TN 54 (02-23)

HI 01001.295 When Premiums May Be Deemed Paid Timely

When an enrollee has failed to pay their premiums within the grace period because the enrollee did not know that the premiums were due, or that they were unpaid, these premiums may be considered to have been paid timely provided:

  • the enrollee asks for relief by the end of the month after the month in which they receive an effective notice that their coverage has terminated, and

  • the enrollee pays within 30 days of the request, all premiums due through the month in which they request relief.

If the enrollee's request for relief contains an allegation that the premiums were not paid because the enrollee did not know that the premiums were due, the field office (FO) will take a statement from the enrollee explaining why they did not receive the premium notice timely or at all, and when they learned of the overdue premiums and termination. If the enrollee's explanation makes it reasonably clear that the enrollee failure to pay the premiums timely resulted through administrative fault, their SMI may be reinstated provided that they pays all overdue premiums within 30 days of the request.

(Even though there may have been no administrative error, they may be given a 90-day extension of the grace period (to a maximum of 6 months) for good cause, under the conditions set forth in HI 01001.360. Also see HI 01001.310 if the failure to pay premiums resulted from an incorrect termination of entitlement.)

When found eligible for the opportunity to reinstate Supplementary Medical Insurance (SMI) coverage, the enrollee will be asked to pay all premiums due through the month in which they request relief. If the enrollee is in the FO and can do so, ask them to pay these premiums. Otherwise, the enrollee will be given a written notice to pay all these premiums through the FO within 1 month from the date of request. Coverage will not be extended and the termination of entitlement will not be set aside, unless and until the requested premiums are paid within the 30-day limit.

In general, relief should be granted where the enrollee established, by a credible statement not contradicted by any evidence available, that they acted timely to pay their premiums or to seek relief upon receiving notice very late in the grace period or shortly after it. Relief may be granted where there is a reasonable basis for believing that the premiums were being paid by deduction from benefits or by some source other than direct payment. No relief (other than that available under the 90-day extension of the grace period for good cause, see HI 01001.360) can be given an enrollee who received timely notice but failed to pay premiums because of low income or unusual expenses. Nor can relief be granted when requested more than 1 month after the month in which they received the termination notice.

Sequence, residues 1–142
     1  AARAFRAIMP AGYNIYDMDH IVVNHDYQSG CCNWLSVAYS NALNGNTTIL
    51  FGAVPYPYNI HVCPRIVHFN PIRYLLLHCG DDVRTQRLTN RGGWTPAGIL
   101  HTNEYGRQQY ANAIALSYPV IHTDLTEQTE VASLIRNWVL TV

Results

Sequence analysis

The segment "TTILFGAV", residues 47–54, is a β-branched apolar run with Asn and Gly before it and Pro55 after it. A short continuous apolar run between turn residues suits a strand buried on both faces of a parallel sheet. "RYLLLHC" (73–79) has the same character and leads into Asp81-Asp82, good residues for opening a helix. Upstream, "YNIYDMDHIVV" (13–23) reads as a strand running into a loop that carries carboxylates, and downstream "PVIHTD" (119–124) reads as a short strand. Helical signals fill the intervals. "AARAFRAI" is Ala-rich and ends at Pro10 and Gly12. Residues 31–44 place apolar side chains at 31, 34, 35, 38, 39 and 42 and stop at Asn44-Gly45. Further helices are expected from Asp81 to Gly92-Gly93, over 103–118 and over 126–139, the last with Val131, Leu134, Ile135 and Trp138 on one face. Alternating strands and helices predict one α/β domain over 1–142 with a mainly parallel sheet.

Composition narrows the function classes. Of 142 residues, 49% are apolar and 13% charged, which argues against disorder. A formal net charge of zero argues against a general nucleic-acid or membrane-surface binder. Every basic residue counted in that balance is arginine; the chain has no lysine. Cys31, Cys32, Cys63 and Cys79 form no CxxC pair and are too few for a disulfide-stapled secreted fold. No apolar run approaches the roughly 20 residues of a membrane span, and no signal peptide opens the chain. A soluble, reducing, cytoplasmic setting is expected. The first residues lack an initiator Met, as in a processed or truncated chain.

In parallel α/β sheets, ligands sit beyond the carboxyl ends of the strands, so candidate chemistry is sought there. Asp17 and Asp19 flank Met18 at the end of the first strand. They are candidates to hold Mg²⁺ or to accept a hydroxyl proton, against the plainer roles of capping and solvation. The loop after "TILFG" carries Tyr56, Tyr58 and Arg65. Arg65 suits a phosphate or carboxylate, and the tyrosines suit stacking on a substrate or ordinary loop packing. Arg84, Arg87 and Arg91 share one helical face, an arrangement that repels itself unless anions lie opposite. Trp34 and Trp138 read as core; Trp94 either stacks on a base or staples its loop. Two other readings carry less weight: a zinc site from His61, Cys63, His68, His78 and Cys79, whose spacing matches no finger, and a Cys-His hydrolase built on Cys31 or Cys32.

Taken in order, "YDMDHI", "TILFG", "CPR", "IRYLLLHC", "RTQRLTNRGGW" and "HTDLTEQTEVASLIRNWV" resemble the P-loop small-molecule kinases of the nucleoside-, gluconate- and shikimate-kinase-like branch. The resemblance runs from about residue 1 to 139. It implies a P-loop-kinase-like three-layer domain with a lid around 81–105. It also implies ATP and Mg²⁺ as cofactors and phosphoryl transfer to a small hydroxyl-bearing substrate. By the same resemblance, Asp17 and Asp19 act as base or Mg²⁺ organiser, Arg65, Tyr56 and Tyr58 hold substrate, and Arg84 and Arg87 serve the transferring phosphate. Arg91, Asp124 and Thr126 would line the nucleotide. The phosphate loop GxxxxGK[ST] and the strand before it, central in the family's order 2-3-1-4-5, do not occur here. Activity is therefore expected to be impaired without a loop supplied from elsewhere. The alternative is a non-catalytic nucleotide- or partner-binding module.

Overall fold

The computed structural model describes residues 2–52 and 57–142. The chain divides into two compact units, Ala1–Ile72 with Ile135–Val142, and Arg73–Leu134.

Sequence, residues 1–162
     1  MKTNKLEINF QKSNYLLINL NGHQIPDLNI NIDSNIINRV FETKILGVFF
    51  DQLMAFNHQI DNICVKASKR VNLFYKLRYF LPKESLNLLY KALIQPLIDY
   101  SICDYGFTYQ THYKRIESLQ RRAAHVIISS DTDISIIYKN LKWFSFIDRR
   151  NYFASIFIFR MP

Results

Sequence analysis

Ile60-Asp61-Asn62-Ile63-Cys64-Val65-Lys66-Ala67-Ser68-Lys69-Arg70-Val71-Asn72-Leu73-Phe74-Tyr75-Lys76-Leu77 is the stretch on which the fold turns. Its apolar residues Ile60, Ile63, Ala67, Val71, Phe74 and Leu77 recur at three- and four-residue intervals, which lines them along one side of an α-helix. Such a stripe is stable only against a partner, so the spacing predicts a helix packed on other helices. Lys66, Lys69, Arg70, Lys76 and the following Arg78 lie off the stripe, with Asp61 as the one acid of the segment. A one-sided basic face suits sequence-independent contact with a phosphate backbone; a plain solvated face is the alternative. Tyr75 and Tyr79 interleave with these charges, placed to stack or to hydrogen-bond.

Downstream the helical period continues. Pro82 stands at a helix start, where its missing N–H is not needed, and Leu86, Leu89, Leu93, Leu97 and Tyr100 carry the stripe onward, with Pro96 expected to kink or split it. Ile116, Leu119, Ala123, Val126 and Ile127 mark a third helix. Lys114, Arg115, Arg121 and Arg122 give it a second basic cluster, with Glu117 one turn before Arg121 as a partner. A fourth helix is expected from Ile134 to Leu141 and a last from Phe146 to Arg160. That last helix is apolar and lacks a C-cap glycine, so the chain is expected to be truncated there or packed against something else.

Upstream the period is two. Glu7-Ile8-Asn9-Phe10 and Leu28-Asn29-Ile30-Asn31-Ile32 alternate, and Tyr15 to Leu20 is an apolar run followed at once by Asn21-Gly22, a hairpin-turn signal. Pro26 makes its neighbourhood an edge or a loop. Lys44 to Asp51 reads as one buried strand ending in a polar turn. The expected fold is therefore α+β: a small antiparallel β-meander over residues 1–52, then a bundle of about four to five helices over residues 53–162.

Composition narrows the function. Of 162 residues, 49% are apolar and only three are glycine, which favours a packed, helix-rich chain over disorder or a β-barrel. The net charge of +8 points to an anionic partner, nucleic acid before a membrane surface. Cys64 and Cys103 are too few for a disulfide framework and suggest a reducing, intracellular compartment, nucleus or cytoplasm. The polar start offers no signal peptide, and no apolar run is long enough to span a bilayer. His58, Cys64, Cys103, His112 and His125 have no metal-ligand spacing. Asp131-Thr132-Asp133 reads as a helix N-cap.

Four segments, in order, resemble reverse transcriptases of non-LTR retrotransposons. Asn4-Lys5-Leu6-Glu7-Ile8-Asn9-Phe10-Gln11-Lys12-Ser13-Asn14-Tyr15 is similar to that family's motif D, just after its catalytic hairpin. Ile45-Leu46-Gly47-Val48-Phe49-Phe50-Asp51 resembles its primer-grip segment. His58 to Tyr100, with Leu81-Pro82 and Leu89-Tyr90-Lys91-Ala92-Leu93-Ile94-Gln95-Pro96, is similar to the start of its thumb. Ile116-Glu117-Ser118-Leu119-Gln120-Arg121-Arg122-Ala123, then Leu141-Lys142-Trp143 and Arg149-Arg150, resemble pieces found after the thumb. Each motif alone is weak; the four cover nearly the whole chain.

A person may be considered not to have known that the premiums were due and unpaid, and relief may be extended in the following situations:

Example 1: Failure to Receive A Notice

The enrollee failed to receive a billing notice at least 30 days before the end of their grace period, and this failure was caused by no fault on their part. This condition would be met, for example, when the enrollee's notice was misaddressed or lost in the mail.

Example 2: Reasonable Belief That Premiums Were Paid, or Need Not to be Paid

Relief may be extended where the enrollee was advised by the Social Security Administration or the Centers for Medicare & Medicaid Services personnel that the premiums would be paid by a welfare agency or group payer, or would be deducted from the civil service annuity of a nonenrolled spouse, etc.


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HI 01001.295 - When Premiums May Be Deemed Paid Timely - 02/02/2023
Batch run: 02/02/2023